NFL puts teams on notice about leaks

— -- The NFL has sent a letter to all 32 teams stating its displeasure with the release of contract terms before free agency begins Tuesday.

"The memo makes clear that we will look into any potential violations of the rules," NFL spokesman Greg Aiello said Monday.

The last sentence of the letter reads: "At this time, the league office is beginning investigations into a number of reported agreements with clubs. Violations will be dealt with accordingly."

The NFL sent its memo after news leaked, beginning Sunday, of several agreements between high-profile free agents and teams, including Ndamukong Suh with the Dolphins, Byron Maxwell and Frank Gore with the Eagles and Jeremy Maclin with the Chiefs.

NFL free agents are permitted to officially sign with other teams Tuesday at 4 p.m. ET, but a three-day negotiating period began Saturday during which teams could start exchanging written summaries of their pitches to agents for players on other teams. Teams can negotiate based on an agent's response but are not permitted to describe their pitches as offers.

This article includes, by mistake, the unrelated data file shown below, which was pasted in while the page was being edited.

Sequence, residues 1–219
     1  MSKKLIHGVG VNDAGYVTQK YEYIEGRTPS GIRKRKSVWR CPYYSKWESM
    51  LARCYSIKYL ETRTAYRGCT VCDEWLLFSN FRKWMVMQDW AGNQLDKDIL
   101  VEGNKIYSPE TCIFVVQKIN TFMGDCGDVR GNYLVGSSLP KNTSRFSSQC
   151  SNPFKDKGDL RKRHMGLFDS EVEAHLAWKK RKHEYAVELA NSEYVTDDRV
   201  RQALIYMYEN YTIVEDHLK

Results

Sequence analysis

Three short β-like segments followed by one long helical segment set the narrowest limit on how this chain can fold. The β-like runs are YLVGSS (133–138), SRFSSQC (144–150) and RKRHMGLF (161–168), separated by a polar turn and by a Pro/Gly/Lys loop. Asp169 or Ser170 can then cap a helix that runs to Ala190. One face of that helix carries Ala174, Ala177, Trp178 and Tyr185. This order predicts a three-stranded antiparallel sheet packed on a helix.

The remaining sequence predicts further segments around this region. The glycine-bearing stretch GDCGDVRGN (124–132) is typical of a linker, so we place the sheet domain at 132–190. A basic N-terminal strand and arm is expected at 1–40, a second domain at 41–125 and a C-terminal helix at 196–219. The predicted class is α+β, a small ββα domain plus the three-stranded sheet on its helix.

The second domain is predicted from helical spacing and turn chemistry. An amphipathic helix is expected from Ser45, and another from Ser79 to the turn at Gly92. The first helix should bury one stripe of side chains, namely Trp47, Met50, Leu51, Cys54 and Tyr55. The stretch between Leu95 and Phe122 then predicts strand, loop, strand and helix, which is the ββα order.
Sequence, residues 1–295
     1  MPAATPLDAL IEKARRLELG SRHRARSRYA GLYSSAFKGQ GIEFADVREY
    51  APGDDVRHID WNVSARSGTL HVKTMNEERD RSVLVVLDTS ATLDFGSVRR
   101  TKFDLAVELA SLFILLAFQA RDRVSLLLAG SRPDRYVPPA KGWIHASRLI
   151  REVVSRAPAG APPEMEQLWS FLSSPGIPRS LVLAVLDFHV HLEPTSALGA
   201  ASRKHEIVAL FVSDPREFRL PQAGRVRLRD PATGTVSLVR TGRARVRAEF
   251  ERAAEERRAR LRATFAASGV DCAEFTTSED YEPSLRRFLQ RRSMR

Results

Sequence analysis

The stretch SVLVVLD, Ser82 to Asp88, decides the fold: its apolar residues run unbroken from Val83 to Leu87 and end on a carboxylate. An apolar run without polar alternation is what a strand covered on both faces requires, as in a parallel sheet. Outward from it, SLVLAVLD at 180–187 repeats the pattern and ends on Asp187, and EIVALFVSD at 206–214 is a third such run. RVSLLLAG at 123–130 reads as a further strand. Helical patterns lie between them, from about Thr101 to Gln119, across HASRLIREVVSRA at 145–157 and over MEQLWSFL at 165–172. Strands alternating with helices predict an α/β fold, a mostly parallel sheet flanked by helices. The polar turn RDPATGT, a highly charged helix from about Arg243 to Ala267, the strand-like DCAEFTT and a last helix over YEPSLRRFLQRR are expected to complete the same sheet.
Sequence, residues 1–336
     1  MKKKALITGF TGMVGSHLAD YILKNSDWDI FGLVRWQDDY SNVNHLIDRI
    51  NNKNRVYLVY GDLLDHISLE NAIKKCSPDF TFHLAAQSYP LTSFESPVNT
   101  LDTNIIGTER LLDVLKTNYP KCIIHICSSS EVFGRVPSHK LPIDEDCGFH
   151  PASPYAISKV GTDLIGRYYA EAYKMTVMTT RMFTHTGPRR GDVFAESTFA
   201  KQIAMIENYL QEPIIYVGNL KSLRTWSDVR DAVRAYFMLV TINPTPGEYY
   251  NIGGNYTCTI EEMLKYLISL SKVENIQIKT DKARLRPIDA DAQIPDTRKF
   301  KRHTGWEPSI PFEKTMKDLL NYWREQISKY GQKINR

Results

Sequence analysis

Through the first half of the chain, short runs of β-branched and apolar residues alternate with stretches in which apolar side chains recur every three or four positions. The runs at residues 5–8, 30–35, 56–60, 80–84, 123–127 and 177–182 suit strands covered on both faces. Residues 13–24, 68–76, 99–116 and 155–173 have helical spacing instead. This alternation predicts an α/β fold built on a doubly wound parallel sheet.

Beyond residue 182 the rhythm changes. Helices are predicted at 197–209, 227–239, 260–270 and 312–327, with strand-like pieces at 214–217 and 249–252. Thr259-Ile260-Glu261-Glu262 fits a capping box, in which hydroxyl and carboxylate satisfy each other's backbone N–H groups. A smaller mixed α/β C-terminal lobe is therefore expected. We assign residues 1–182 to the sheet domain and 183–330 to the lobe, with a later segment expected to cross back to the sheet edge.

Teams also are not permitted to agree to contracts with players on other teams during the negotiating period.

The NFL reminded all 32 teams of the rules for the negotiating period in a memo it sent Friday, a copy of which was obtained by Pro Football Talk.

"You are reminded that the purpose of the three-day negotiating period is to create a level playing field in the competition for Unrestricted Free Agents, by permitting clubs to express interest in a prospective UFA and to exchange information with certified agents regarding the level of compensation envisioned by the club and the agent," the NFL wrote in the memo, according to the website. "Any attempt to undermine the purpose of this negotiating period may be considered conduct detrimental to the League."

Agent Blake Baratz was among several Twitter users to voice their displeasure at the NFL's confusing rules for the negotiating period Monday.

ESPN's Adam Schefter, Adam Caplan and Dan Graziano contributed to this report.